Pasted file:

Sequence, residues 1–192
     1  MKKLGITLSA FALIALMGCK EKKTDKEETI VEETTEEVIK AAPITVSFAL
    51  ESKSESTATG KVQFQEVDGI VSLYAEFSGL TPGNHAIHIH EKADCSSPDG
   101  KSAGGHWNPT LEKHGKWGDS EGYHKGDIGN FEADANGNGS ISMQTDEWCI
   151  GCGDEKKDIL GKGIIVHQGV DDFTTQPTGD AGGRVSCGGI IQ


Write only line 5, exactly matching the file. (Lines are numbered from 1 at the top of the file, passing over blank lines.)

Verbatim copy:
   151  GCGDEKKDIL GKGIIVHQGV DDFTTQPTGD AGGRVSCGGI IQ